EDS completes major NI social security agency project

16 Jun 2004

IT outsourcing giant EDS has completed the rollout of the first phase of a multi-million euro, 10-year project for the Northern Ireland Social Security Agency (NISSA).

The project was to deliver a Disability Benefits Modernisation Programme to create a new organisation, the Disability and Carers Services (DCS). DCS revolutionises the way disability benefits are handled at the agency and the DCS contract is scheduled to run for a further seven years. Three core benefits reorganised into the new organisation were the Disability Living Allowance (DLA), the Attendance Allowance (AA) and the Carers’ Allowance (CA).

Working with PricewaterhouseCoopers, the EDS-led consortium claims to have transformed the management and processing work for the NISSA.

All three disability benefits are now integrated into a single seamless system. These streams of work, when taken together with other aspects of the new system, are managed within an integrated workflow system. The system have been designed to significantly improve the customer experience, increase performance and generally to address a range of other current operational shortcomings.

The newly established contact centre is staffed by customer service representatives who have instant access to all customer details, which supports a more responsive customer service.

Carmel Downey, project manager of NISSA, recognises the enormous benefits of the new system, though she also acknowledges it was not, nor is, an easy change for the agency. “Moving from a manual, paper based system to an electronic solution has not been without its difficulties. A transition of this magnitude also brings a degree of cultural change and not unexpectedly an understandable degree of unease from some staff.

“Additional issues, such as the sheer size of the project, also caused delays. In fact, such was the complexity that we had to revisit the whole project and basically replan the implementation delivery. This was not an easy task and caused delays and frustration. However, all parties realised that continuing with an incomplete plan was bound to end in failure and this was one project we all wanted to work.”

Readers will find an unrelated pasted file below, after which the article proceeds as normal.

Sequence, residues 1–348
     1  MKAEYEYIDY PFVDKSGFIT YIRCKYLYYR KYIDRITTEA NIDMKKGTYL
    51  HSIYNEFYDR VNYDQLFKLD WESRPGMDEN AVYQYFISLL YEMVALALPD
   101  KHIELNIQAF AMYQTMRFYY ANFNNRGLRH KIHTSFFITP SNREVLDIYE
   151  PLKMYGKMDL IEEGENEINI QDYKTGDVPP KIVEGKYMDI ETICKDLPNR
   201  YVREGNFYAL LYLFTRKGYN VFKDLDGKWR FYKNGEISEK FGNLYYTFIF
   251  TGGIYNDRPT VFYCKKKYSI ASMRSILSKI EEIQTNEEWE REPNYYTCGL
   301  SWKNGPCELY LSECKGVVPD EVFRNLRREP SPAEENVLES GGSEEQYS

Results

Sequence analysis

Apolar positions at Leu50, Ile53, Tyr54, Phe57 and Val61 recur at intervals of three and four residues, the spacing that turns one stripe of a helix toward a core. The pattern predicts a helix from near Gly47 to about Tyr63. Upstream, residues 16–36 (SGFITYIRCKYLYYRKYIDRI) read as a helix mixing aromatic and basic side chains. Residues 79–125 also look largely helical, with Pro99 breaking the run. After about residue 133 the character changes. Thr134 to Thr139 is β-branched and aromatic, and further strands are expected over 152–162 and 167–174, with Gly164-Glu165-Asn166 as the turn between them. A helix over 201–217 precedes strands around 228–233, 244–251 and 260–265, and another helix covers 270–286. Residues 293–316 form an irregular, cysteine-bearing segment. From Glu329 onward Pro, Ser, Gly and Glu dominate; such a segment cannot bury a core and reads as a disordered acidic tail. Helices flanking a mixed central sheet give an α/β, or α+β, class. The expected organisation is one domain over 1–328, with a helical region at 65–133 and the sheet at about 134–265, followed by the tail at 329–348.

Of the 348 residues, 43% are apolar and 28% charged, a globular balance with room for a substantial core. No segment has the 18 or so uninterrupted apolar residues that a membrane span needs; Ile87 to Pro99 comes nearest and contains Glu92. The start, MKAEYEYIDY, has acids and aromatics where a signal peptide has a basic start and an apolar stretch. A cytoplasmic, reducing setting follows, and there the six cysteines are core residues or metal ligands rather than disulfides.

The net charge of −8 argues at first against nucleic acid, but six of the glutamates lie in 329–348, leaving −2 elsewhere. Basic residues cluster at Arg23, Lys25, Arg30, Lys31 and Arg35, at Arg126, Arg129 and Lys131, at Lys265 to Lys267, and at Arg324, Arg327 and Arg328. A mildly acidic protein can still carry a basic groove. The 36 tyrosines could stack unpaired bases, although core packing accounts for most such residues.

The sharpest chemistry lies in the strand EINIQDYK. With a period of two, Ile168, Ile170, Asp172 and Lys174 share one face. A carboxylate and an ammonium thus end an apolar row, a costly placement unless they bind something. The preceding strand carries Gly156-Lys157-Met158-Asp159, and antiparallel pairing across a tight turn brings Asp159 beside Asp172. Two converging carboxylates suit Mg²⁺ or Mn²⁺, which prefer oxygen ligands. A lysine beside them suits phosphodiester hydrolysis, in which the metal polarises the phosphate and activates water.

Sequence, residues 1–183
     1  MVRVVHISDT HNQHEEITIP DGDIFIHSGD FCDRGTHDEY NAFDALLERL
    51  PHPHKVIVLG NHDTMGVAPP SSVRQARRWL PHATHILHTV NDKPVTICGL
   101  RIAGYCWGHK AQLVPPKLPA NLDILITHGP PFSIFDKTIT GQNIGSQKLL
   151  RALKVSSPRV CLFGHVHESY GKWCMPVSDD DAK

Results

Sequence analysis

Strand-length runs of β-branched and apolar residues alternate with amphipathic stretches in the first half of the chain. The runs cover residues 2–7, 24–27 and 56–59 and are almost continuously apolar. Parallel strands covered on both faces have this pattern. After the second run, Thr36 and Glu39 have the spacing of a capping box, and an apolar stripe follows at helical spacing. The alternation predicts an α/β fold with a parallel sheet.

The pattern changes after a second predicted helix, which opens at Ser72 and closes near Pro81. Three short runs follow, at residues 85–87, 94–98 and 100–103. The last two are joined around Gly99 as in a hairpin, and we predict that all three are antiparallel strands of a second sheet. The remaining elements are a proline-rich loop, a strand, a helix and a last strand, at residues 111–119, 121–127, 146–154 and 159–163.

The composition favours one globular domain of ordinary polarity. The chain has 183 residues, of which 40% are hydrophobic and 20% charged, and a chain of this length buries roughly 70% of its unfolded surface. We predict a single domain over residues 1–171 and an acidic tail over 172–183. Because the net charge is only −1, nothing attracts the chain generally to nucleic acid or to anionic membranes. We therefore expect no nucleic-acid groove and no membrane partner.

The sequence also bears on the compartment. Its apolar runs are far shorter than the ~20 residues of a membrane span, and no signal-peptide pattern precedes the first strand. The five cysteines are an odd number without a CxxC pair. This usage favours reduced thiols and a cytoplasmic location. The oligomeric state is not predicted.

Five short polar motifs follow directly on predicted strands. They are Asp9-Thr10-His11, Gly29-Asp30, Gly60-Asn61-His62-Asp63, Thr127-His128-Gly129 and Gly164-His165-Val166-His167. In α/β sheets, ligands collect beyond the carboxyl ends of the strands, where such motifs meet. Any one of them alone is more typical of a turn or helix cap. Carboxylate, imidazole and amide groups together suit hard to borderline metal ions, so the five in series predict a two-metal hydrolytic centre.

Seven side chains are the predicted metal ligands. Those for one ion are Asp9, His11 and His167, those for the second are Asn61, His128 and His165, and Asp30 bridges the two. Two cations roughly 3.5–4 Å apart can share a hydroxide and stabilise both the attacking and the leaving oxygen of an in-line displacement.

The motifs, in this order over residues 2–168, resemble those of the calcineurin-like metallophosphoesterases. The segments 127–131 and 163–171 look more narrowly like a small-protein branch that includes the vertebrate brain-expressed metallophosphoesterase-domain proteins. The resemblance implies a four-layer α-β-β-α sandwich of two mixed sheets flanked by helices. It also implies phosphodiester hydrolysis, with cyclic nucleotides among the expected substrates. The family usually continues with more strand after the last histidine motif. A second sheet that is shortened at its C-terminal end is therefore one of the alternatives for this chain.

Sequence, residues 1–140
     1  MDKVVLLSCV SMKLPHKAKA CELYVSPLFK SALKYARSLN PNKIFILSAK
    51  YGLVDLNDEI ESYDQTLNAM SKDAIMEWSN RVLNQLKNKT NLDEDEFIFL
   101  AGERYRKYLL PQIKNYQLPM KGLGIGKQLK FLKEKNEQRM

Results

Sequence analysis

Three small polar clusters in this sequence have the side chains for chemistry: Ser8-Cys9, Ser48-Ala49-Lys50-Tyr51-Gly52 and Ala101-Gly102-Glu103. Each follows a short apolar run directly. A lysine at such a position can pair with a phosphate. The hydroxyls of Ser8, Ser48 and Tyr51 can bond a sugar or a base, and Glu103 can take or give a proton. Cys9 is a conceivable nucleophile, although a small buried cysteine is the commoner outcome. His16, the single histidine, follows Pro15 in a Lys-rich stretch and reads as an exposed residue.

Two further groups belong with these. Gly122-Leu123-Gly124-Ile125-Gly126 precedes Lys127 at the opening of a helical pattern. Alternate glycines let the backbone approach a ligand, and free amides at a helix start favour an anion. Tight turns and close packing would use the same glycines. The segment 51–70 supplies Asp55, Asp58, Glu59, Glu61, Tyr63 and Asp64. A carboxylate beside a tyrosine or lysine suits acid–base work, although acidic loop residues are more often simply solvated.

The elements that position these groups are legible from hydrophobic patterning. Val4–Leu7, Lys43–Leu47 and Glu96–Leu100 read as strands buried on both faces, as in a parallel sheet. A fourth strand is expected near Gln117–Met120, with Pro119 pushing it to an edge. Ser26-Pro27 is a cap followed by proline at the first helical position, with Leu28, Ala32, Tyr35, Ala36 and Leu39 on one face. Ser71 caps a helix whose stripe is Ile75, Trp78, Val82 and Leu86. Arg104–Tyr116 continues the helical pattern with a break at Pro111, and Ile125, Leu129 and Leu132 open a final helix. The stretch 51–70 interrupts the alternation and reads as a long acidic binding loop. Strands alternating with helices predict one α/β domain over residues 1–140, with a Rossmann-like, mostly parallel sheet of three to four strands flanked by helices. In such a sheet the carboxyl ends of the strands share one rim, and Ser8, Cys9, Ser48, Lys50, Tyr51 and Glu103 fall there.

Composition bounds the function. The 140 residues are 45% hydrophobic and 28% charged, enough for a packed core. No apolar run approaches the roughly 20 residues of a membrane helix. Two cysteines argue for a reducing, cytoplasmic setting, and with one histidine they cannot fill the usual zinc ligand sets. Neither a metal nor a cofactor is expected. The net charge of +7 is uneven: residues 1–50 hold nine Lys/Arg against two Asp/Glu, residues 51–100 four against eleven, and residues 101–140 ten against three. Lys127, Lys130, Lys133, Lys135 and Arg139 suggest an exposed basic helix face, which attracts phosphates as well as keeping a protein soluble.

Downey continued: “As a result we revisited the original project delivery timetable and re-baselined the implementation timetable to reflect actual developments on the ground. This did have an impact on the project’s budget and timelines but we were all determined to get it right and so the backward step was worth it.

“Part of the reason for the complexity is the sheer size of the project. Reorganising the management and processing of work along functional rather than benefit lines has streamlined the process. These changes have also brought with it a set of new challenges for the benefit managers and staff, as they seek to make the transition from a traditional and well tested clerical method of processing benefit claims to what is fundamentally a radical electronic benefit handling process,” Downey concluded.

By John Kennedy